Apart from featuring constant screen cigarette smoking, this Australian film directed by John Curran defies expectations. Set in a Brisbane boarding house it presents Peter Fenton as an asthmatic who begins a romance with eczema sufferer Sacha Horler. Curran's formal style lessens the grunginess of the locale, though at times he overdoes the soundtrack with aural effects, so we can concentrate on the phenonema of the relationship. What is remarkable about the treatment is that neither of the characters are shown to be losers, in spite of their physical challenges. Rather there is much emphasis on flesh, in particular Horler's physical insatiablity and the demand it makes on Fenton. In response to Horler's comment that she thinks herself "hideous", Curran cuts to a crowd's apparent look of disapproval which is later revealed to be their fear of being group photographed.
In spite of the suggestion that Horler is a monstrous child/woman, the actor invests her with a vulnerability that is very appealing. And Fenton's tenderness is also pleasing.
The film suffers without Horler, and Curran doesn't know how to end, which may be the fault of the source novel by Andrew McGahan. Depicting residents of a boarding house as men without dreams or levity is perhaps too easy, but at least we get to see a physical transformation. Curran repeats one set-up from a longer shot, which predetermines the ending, and provides an amusing if inexplicable parallel between the boarding house and a hospital ward after hours.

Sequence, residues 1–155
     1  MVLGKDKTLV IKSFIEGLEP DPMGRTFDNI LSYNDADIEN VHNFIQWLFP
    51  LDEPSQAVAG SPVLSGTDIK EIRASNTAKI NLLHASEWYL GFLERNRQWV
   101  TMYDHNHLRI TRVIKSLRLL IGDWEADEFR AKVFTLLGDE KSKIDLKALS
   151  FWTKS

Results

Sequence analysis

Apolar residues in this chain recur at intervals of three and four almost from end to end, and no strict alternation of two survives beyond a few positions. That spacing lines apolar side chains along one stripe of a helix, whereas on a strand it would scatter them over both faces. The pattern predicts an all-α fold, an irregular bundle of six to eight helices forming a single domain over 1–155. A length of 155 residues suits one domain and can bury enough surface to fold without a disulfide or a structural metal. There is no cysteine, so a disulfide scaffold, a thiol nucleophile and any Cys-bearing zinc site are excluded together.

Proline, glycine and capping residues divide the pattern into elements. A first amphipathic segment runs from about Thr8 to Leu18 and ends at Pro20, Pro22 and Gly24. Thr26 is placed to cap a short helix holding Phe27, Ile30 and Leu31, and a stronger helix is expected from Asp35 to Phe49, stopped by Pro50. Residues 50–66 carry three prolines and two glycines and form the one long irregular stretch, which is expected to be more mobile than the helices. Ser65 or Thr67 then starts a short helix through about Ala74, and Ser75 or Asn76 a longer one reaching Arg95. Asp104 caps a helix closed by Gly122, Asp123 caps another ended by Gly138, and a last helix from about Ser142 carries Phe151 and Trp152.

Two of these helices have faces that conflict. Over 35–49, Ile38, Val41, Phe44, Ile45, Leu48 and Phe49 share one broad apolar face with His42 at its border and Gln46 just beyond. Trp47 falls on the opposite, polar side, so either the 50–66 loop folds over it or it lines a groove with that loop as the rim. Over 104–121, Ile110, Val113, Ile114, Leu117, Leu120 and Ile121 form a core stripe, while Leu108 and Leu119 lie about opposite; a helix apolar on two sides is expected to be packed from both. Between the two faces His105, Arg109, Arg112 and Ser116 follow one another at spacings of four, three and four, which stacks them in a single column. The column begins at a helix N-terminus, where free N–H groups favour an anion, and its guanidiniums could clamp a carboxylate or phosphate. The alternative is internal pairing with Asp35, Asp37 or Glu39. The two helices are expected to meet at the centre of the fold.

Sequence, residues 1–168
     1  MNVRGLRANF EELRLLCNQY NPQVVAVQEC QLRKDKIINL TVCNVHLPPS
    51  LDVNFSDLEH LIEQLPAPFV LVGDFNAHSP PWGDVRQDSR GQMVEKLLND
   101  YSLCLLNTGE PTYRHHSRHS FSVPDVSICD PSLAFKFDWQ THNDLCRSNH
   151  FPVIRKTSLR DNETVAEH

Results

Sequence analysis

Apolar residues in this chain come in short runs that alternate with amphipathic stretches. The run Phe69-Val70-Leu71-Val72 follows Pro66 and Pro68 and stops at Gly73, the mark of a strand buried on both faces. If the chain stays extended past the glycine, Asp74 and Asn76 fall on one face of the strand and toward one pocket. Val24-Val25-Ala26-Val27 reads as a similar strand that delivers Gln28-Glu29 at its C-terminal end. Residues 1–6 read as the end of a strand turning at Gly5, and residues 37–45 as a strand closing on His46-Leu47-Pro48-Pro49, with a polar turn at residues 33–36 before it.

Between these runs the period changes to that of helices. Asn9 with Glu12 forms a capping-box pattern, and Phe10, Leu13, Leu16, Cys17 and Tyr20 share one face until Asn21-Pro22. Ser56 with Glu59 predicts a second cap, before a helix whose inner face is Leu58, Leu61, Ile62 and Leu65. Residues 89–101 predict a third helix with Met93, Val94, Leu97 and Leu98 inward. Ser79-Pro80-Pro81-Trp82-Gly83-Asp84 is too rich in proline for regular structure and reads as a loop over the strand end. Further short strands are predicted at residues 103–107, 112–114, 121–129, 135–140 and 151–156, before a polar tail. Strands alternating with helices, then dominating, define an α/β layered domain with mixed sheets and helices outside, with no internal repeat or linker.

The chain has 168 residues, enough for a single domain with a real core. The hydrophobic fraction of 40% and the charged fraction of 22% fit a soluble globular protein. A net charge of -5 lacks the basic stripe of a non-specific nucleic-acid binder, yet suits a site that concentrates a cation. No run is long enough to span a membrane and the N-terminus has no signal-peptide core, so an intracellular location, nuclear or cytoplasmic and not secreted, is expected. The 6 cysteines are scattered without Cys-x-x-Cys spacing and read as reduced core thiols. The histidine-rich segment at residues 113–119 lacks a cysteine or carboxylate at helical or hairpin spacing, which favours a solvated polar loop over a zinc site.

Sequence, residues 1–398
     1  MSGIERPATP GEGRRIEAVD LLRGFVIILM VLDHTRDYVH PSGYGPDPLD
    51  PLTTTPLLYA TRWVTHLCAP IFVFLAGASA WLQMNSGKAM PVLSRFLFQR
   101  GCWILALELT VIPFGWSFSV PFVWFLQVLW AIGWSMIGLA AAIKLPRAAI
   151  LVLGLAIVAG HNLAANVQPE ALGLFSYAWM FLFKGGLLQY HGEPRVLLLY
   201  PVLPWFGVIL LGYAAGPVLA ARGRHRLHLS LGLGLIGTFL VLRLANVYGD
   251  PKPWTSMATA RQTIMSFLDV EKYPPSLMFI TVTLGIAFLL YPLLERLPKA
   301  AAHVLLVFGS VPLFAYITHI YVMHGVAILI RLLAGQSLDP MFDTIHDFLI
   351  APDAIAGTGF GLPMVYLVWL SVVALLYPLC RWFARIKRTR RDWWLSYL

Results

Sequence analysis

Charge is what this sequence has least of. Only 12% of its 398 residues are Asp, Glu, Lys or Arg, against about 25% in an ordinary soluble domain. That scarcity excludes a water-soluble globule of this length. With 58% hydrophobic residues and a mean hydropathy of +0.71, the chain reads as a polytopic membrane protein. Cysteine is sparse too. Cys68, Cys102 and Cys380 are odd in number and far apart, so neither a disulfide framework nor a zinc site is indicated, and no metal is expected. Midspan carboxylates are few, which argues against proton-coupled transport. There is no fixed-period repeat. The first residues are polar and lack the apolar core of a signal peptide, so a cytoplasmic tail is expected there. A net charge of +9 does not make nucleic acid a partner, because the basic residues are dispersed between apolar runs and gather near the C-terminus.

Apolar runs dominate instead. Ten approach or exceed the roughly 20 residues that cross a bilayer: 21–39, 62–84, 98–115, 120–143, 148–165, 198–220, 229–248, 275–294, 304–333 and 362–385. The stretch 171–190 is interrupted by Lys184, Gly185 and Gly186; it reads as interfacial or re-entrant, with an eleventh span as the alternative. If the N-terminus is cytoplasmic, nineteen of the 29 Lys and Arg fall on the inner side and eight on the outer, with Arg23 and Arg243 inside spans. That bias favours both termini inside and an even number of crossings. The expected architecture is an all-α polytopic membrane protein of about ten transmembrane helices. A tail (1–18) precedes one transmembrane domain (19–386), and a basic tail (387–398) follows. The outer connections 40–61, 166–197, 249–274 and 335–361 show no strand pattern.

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3.0 out of 5 stars plenty of beautiful feminine nudity May 4, 2014
Format:DVD|Verified Purchase
This movie is about of two young low self-esteem people, unemployed and struggle with their lives and find a way to be happy my having sex out of pleasure.
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2 of 13 people found the following review helpful
1.0 out of 5 stars (...) March 4, 2006
By Vera
Format:DVD
This film, together with "Alexandra's Project", has got to be the lamest excuse for promoting porn, under the banner of so-called art, that I have ever seen. This film has absolutely no substance, and the sex scenes are as erotic as a dog humping a pillow.

This film has brought shame rather than praise to the Australian Film Industry.